Credits

    MUSICIANS
    Dawn Upshaw, soprano

    Purcell songs
    Myron Lutzke, cello (1-5, 14-16)
    Arthur Haas, harpsichord (1-5, 14-16)

    Mein Herze schwimmt im Blut

    Krista Bennion Feeney, violin I
    Linda Quan, violin II
    Lois Martin, viola
    Myron Lutzke, cello
    John Feeney, bass
    Peggy Pearson, oboe
    Arthur Haas, organ

    PRODUCTION CREDITS
    Produced by Max Wilcox
    Purcell selections recorded April 2000 at the American Academy of Arts & Letters, New York City
    Bach Cantata BWV 199 recorded May 1997 at SUNY, Purchase, New York
    Engineered by Paul Zinman
    Edited by Max Wilcox and Dirk Sobotka
    Mixed at SoundByte Productions, New York City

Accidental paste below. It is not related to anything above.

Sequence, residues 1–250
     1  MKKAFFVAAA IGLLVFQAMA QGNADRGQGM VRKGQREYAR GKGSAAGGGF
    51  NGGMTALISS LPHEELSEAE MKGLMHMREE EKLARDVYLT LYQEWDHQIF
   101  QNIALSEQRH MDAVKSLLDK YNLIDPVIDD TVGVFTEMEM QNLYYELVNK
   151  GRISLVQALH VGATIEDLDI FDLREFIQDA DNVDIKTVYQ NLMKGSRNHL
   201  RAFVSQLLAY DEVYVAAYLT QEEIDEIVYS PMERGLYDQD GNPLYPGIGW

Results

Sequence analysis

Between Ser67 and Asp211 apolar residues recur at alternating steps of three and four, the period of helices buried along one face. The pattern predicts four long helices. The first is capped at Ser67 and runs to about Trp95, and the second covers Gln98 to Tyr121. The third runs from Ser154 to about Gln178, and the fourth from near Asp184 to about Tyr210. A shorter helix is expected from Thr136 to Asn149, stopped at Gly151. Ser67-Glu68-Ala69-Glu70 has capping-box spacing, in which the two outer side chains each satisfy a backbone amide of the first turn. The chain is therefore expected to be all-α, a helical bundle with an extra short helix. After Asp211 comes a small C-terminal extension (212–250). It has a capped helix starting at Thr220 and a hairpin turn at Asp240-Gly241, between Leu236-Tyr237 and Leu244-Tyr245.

Mastered at SoundByte Productions, New York City
    Executive Producer: Robert Hurwitz

    Tracks 1-5, 14-16 by Henry Purcell; tracks 6-13 by Johann Sebastian Bach

    Cover design by Barbara deWilde
    Cover art: Wounded Angel (1903) by Hugo Simberg, courtesy of the Ateneum Art Museum, Helsinki, from photograph by Hannu Aaltonen, courtesy of the Central Art Archives

on May 29, 2008 - 7:14pm
Release Date: 
Tuesday, March 27, 2001 (All day)
Cover Art: 
Nonesuch Selection Number: 

79605

Number of Discs in Set: 
1disc
115
407
Monday, January 1, 2001 (All day)
0
0
Artist Name: 
Dawn Upshaw
genre: 
Album Status: 
UPC/Price: 
UPC: 
075597960525BUN
Price: 
12.00
Label: 
CD+MP3
UPC: 
603497076161
Price: 
10.00
Label: 
MP3
Description: